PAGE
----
At Arnold House, History is studied throughout the School and is a popular subject amongst the boys. A well-established curriculum offers variety and depth.
In Years 1 and 2 boys are introduced to History as part of the Topic lessons and study themes such as houses and transport throughout the ages. “Proper” History begins in Years 3 and 4 with studies of the ancient civilizations of Egypt, Greece and Rome and then the Anglo-Saxons and Vikings. In Years 5 and 6 the programme is quite varied and encompasses work on European exploration and settlement of the New World, the History of the United States and the Twentieth Century. We are the only school in the country that studies US History at this level and the boys gain much from this venture. During their studies of the Twentieth Century the boys undertake in-depth projects on the two World Wars. The Year 7 and 8 syllabus is given over to the period needed for Common Entrance: The Middle Ages, which encompasses key events in England’s History, such as the Norman Conquest and Magna Carta . In addition to this, scholars work independently on the causes of World War One and the Cold War. After Common Entrance there is the opportunity for the leaving boys to look at the turbulent events in modern America: the Civil Rights Movement, the assassination of President Kennedy and the events of “9/11”.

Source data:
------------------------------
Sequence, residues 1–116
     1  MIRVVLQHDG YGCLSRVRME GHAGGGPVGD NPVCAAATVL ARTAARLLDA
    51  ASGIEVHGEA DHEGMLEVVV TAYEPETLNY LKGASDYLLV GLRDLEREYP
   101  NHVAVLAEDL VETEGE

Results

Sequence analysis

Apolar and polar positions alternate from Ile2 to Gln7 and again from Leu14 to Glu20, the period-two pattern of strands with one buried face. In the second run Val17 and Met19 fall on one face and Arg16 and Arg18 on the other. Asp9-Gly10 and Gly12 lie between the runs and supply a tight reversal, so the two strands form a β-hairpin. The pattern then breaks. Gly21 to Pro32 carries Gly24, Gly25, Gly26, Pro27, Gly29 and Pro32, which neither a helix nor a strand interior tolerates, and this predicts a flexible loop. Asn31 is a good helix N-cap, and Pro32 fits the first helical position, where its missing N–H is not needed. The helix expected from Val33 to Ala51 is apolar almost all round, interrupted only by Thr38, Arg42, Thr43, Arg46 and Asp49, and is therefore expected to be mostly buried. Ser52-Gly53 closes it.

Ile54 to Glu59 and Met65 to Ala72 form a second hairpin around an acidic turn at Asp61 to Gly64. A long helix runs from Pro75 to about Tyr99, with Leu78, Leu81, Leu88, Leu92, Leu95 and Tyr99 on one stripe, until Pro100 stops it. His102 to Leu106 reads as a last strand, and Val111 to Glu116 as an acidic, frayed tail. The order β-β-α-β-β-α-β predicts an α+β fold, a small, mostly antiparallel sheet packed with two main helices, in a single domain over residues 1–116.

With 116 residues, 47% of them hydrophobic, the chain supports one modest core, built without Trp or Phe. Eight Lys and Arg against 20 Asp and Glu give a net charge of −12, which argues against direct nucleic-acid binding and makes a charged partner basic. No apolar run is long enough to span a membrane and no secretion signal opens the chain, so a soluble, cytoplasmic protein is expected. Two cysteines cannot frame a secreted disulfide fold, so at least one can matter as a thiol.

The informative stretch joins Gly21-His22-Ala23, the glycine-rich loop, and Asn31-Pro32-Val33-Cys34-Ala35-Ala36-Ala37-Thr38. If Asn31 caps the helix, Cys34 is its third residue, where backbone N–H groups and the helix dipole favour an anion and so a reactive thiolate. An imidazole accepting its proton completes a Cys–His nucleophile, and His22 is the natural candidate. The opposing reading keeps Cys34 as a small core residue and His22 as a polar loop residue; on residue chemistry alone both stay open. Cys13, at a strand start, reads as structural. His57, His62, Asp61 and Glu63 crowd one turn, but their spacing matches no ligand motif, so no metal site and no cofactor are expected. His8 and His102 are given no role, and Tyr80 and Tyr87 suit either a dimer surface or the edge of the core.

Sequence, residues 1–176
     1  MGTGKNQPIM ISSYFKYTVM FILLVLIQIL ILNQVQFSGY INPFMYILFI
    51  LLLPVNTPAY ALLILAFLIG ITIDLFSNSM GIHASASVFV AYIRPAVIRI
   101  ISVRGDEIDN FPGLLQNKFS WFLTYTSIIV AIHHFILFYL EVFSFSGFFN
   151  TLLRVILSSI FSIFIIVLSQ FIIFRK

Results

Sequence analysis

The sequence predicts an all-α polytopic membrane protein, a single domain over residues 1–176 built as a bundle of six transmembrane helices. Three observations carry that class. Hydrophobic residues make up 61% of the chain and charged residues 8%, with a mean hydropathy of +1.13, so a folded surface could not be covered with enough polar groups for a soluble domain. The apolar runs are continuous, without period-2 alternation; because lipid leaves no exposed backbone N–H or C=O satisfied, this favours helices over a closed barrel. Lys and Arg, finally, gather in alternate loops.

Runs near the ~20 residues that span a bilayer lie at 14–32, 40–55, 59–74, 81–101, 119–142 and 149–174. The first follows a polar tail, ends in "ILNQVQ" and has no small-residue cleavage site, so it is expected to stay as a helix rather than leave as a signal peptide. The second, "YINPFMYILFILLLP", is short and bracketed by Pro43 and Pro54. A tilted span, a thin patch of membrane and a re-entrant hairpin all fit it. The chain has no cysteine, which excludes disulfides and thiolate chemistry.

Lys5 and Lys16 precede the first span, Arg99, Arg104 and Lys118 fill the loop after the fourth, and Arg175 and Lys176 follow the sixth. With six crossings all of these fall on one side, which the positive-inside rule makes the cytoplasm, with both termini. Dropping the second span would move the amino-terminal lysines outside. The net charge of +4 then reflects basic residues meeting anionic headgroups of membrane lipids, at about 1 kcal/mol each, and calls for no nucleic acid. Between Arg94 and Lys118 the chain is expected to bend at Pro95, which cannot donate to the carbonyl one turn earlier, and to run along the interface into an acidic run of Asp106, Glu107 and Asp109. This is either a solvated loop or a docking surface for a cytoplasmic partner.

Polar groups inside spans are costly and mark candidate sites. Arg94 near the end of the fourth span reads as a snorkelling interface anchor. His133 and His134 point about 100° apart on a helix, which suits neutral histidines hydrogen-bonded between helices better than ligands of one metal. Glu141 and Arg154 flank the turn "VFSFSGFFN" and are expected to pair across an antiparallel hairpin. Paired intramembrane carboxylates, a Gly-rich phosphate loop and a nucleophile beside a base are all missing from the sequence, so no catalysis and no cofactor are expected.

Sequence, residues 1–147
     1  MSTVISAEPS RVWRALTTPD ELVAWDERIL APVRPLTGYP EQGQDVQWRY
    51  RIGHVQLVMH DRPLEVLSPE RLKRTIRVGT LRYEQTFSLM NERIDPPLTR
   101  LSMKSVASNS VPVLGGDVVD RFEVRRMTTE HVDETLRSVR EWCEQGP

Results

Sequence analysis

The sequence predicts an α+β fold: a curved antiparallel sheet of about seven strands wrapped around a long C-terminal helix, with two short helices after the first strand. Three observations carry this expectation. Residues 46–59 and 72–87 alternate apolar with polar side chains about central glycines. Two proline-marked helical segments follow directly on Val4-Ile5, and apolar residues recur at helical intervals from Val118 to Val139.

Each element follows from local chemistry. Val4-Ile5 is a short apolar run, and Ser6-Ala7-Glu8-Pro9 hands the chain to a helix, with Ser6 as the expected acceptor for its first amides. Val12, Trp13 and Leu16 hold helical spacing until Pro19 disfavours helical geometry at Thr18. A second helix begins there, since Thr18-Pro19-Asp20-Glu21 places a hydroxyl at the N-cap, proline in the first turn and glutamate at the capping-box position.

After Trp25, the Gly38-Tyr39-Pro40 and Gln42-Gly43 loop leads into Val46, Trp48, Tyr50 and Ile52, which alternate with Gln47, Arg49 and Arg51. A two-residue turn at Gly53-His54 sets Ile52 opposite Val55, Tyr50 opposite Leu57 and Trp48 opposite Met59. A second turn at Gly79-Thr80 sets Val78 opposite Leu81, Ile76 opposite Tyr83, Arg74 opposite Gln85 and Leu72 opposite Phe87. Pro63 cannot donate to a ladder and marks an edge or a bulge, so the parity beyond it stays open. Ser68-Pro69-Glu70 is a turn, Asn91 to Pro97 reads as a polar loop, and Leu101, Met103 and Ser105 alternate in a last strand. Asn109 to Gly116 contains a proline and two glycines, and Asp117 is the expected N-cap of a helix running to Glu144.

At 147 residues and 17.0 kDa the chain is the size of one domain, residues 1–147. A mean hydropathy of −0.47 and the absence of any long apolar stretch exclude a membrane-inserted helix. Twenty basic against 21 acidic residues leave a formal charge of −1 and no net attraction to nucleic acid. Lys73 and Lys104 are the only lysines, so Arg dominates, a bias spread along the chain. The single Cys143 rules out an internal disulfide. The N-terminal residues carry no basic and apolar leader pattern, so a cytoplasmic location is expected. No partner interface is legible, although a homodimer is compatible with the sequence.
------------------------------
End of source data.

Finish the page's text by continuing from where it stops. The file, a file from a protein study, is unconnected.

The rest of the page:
A variety of teaching methods are employed that use the best of traditional and modern approaches. Great emphasis is put on the “narrative” of History, but up to date technology such as interactive whiteboards and the Internet are used widely to support this aim. All handouts from Y5 onwards are written by us and tailored to the academic needs and aspirations of our boys. Lessons also encourage empathy and an appreciation of the differences and similarities between the past and the present. A sense of citizenship is also fostered by a clear study of British History, put into European and world context.